Daily Posts. Colorful Ideas & Inspirations.
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If you love crafting, you likely have a bookmark for Etsy somewhere on your laptop, but if not, we must encourage that you make one, because the website is a fountain of creativity and always makes us feel inspired! That being said, if the whole Etsy experience is just too overwhelming or time consuming for you (too much stuff! takes too long to sort through! aah!), then perhaps we can assist you with our weekly Etsy roundup. Check out some of our favorite crafty picks below!
These Japanese Owl Baby Booties easily are the cutest things I've seen in ages -- can you imagine the attention you'd get carrying your little one into Starbucks wearing something this snazzy? The kimono style is made with imported Japanese fabric, which would likely make for a great gift even if you don't have a cute set of plump feet in the house. Blowingkissesdesigns has much more where this came from too, and the same bootie style comes in many different vivid patterns and colors. Her antique rings are also a steal and inspired by blooming chrysanthemums.
The soft transitions, textures and cascades in Hildur Asgeirsdóttir Jónsson's color use add a certain life to otherwise static landscapes. A selection of her paintings can be viewed below. Her other works includes drawings and embroideries. Hildur was introduced to us by Abigail Doan's blog.
Tradiontal crafts have come a long way to make themselves a home in the contemporary art world. And while things like baskets may have held a tightly woven association to the weave, many artists are reinventing these techniques and creating intricately woven sculptures that wouldn't quite fit into the category of traditional woven crafts or, say, The Longaberger Company building. Here is a look at one artist weaving his own path, a recent exhibition, some items found on Etsy, and a few recent patterns from the library, all that embrace the intricacies and textures of the weave.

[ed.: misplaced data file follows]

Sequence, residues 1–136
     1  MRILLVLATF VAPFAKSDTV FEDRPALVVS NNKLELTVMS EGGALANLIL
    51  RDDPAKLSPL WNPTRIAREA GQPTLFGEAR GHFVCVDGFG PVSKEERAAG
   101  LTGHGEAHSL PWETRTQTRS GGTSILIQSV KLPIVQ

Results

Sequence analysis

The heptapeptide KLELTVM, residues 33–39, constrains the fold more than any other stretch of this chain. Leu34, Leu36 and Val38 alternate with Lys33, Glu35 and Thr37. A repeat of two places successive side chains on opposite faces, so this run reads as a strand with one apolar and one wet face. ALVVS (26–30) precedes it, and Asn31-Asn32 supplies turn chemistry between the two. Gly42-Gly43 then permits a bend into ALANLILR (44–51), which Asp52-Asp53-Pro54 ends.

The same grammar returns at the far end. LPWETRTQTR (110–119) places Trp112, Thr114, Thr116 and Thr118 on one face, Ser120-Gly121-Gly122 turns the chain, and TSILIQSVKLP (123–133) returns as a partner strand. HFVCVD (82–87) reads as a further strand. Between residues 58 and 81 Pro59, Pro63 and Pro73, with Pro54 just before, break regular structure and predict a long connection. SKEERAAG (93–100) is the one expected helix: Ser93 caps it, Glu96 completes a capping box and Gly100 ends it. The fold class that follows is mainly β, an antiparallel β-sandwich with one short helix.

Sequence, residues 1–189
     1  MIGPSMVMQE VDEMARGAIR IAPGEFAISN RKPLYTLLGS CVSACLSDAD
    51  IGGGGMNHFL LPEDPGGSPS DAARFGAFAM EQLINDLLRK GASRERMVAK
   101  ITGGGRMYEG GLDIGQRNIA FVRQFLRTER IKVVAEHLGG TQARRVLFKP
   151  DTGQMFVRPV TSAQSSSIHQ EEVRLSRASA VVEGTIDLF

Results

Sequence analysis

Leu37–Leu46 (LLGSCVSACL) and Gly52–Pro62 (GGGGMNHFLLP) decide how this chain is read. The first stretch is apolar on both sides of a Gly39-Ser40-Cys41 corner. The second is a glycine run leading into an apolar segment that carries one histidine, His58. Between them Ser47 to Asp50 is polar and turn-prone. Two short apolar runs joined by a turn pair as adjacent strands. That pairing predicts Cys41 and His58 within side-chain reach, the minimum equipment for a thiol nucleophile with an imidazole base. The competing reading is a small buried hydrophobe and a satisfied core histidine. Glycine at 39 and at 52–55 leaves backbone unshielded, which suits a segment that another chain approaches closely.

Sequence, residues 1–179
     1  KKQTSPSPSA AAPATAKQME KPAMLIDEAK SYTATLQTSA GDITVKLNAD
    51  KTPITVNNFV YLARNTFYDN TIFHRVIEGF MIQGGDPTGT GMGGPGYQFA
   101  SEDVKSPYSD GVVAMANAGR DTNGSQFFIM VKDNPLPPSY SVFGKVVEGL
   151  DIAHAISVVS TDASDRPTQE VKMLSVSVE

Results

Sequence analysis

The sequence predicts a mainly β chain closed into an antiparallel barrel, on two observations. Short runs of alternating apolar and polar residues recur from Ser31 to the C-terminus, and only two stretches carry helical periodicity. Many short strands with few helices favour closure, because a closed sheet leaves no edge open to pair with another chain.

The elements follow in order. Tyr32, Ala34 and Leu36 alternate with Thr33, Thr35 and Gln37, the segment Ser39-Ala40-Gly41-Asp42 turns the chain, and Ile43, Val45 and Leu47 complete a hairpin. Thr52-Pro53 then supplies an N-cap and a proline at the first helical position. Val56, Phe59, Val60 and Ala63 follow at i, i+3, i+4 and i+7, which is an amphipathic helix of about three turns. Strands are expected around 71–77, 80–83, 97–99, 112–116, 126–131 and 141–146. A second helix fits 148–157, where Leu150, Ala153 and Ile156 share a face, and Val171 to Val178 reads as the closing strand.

"Basket has many attractive aspects. Form, Material, Pattern, Function, Images,,,. What charmed me most was structure itself. When I concentrated the way of weaving, my baskets lost the practical side."
Have you ever starred longingly at your (insert favorite snack food) and thought to yourself "man, I wish this was like 5 million times bigger." Yeah, I know you have. Well, lucky for us there's a place where all those giant snack dreams can be realized, and they even give you the recipe to do it. Pimp That Snack is a site where users post their attempts to create classic snack foods of hilarious proportions.
If your still hungry for some inspiration check out these confectionary inspired groups: foodiefiles, Yummy Colours, Colour My Food, Confectioners Paradise, Candy Shop, CANDY MACHINE, Candylovers. And these other colorful food posts: How to Make a Rainbow Cake & Confectionery Colors Creating Art With Food
Giant Gummie Bears